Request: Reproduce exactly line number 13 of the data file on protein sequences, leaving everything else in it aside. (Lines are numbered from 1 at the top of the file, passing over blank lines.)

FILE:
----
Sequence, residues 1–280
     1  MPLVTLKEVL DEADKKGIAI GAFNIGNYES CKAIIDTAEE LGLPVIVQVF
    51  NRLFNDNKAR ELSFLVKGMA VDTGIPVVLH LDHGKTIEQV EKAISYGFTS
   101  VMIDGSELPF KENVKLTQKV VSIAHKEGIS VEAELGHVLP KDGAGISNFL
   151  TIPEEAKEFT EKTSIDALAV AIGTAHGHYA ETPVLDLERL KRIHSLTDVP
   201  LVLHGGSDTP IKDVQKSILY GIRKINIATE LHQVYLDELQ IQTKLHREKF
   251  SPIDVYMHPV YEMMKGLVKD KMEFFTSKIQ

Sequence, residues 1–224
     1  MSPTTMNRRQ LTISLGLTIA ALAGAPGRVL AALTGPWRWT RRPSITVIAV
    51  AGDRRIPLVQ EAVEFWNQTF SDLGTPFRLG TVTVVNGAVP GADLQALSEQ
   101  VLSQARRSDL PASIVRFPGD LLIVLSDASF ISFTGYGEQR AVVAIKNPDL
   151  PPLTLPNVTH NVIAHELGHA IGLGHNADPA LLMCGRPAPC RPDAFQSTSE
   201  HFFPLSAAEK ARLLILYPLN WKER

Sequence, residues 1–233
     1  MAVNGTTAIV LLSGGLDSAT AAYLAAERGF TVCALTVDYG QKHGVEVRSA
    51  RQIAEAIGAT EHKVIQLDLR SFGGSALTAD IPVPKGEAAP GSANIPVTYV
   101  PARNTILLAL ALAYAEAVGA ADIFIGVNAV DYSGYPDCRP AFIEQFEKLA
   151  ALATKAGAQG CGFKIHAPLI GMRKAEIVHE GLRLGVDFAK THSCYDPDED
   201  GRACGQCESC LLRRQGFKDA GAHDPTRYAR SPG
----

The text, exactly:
   201  HFFPLSAAEK ARLLILYPLN WKER